Using Virtual Technology to Enhance Pandemic Patient Care
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For one Emory entrepreneur, COVID-19 has provided a proving ground for technology’s healthcare benefits.

For the past year, the coronavirus has created seemingly insurmountable challenges for the healthcare industry. Hospitals, nursing homes, and other healthcare facilities have been overwhelmed with infected patients, and visits from their family members and friends have been restricted, even for hospitals’ non-COVID-19 patients.

Physicians and nurses have had to rethink everything, including finding ways to limit their own infection risk. If there’s a white knight to emerge from the pandemic, it’s technology that has enabled more virtual interactions.

 Adding a “Human” Touch to Patient and Care Team Interactions

Stuart Bracken, 07MBA, Co-founder & CEO, Bioscape Digital
Stuart Bracken 07MBA, Co-founder & CEO, Bioscape Digital

“What we were able to do – and I’m really proud of – is we were able to quickly stand up a video communication platform that’s part of our core system,” says Stuart Bracken 07MBA, co-founder and CEO of Bioscape Digital, which makes patient engagement software and hardware for hospitals and health systems. “It has allowed patients to call family members, doctors to call patients, and patients to call their nurses. It’s an open channel where we can put faces to names, and it’s been really well received.”

A serial entrepreneur who’s founded three companies, Bracken co-founded Bioscape Digital in 2014 with the overarching goal of using digital technology to improve the patient experience. After spending six months in hospitals testing ideas and use cases, he and his developers created a customizable package that provides each patient room with a tablet containing software and understandable content to enable real-time communications with caregivers and family and friends outside the hospital. Bracken says the ability to video conference using Bioscape Digital’s platform has been a game changer during the pandemic.

“By putting a device in every room, we level the playing field to give every patient the opportunity to engage in their education, their care and their entertainment, and interact with their nurse and family members.”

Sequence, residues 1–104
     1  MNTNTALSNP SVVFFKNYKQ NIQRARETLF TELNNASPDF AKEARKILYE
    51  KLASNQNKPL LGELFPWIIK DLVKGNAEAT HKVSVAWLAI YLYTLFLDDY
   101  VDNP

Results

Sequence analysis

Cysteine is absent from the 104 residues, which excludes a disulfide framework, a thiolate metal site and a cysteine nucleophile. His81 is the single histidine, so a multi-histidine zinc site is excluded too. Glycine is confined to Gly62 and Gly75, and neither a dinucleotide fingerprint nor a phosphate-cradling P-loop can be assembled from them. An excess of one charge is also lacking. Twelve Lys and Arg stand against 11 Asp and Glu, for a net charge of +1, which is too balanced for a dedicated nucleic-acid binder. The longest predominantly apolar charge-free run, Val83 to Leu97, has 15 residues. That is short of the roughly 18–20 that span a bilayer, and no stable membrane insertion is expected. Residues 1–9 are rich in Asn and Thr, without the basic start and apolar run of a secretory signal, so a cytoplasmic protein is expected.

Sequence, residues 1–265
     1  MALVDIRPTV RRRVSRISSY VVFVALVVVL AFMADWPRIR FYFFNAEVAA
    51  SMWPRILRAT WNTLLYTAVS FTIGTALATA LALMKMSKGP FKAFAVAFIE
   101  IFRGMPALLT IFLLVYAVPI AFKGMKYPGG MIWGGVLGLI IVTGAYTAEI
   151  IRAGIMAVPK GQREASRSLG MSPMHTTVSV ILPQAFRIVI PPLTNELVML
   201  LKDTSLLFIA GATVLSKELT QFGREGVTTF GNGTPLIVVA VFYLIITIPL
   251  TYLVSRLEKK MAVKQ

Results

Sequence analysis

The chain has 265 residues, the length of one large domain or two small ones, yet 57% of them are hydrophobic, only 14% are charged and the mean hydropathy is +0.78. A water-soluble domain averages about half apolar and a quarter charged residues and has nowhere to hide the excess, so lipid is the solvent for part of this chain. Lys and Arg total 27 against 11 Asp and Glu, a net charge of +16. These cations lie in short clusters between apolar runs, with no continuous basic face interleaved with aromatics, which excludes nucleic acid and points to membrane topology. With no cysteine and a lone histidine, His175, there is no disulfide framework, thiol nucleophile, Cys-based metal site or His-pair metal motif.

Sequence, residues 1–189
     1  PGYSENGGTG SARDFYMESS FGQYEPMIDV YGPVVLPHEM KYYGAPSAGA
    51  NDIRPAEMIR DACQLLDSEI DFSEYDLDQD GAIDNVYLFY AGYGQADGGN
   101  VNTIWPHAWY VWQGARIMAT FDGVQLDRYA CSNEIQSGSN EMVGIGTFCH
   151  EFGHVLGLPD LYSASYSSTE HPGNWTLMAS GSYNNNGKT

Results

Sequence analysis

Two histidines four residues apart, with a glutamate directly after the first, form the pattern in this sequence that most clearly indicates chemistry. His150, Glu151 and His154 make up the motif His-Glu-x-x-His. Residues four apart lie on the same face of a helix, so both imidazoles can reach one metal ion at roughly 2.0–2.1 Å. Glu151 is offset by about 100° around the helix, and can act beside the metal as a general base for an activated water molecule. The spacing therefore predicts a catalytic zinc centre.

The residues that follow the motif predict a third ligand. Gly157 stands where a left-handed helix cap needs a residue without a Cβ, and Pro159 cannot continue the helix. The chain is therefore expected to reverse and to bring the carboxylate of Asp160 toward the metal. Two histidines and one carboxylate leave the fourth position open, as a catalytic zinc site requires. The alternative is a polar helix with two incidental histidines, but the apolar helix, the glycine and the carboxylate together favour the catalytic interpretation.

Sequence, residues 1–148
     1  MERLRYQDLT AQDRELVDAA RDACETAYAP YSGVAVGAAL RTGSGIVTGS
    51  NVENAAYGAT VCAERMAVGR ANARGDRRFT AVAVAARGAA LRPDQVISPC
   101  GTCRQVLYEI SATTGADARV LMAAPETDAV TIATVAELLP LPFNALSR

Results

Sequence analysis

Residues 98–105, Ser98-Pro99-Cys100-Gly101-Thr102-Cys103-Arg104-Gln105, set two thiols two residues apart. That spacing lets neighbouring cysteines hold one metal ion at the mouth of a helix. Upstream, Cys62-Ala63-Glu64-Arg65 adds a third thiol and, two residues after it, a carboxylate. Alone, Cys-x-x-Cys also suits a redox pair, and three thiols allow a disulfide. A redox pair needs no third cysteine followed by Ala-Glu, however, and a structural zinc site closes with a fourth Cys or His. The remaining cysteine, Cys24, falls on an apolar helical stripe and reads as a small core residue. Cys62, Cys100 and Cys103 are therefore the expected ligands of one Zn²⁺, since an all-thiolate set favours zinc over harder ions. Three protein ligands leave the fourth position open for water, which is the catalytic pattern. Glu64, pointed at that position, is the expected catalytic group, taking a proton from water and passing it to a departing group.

He says the system allows family members to talk to caregivers directly about a patient’s condition and reduces the number of times nurses and physicians must enter infectious rooms.

Growing the Entrepreneurial Vision

Bioscape Digital

Seven years into Bioscape Digital’s journey, its technology is found at more than 100 locations, primarily community hospitals that have 100 to 500 beds. Recently the company branched out to infusion centers, helping chemotherapy patients understand their disease and improve their outcomes.

Bioscape Digital now employs 11, including Emory graduates Dr. Sean Khant 06C 15MBA, chief operating officer, Grace Ou 90C, chief content officer, and Colin Blenis 17N, nurse educator and clinical project manager. Bracken says he’s partial to hiring Emory alumni because “you know the quality of their education and work ethic.”

As a member of the Goizueta Alumni Board and co-president of the Emory Entrepreneur Network, Bracken believes part of his success is his quest to continually learn from customers, partners, employees, and entrepreneurs or soon-to-be entrepreneurs. He also says passion is a key component in starting a business. “Sometimes the only thing that can sustain you is passion,” he explains. “So, if you want to be an entrepreneur, you need to figure out what you’re passionate about.”

His goal is to continue to deliver digital health resources that advance the quality of care for everyone. “It’s all about changing the world, one interaction at a time,” he says.

Learn more about entrepreneurship at Goizueta. Visit The Roberto C. Goizueta Center for Entrepreneurship & Innovation.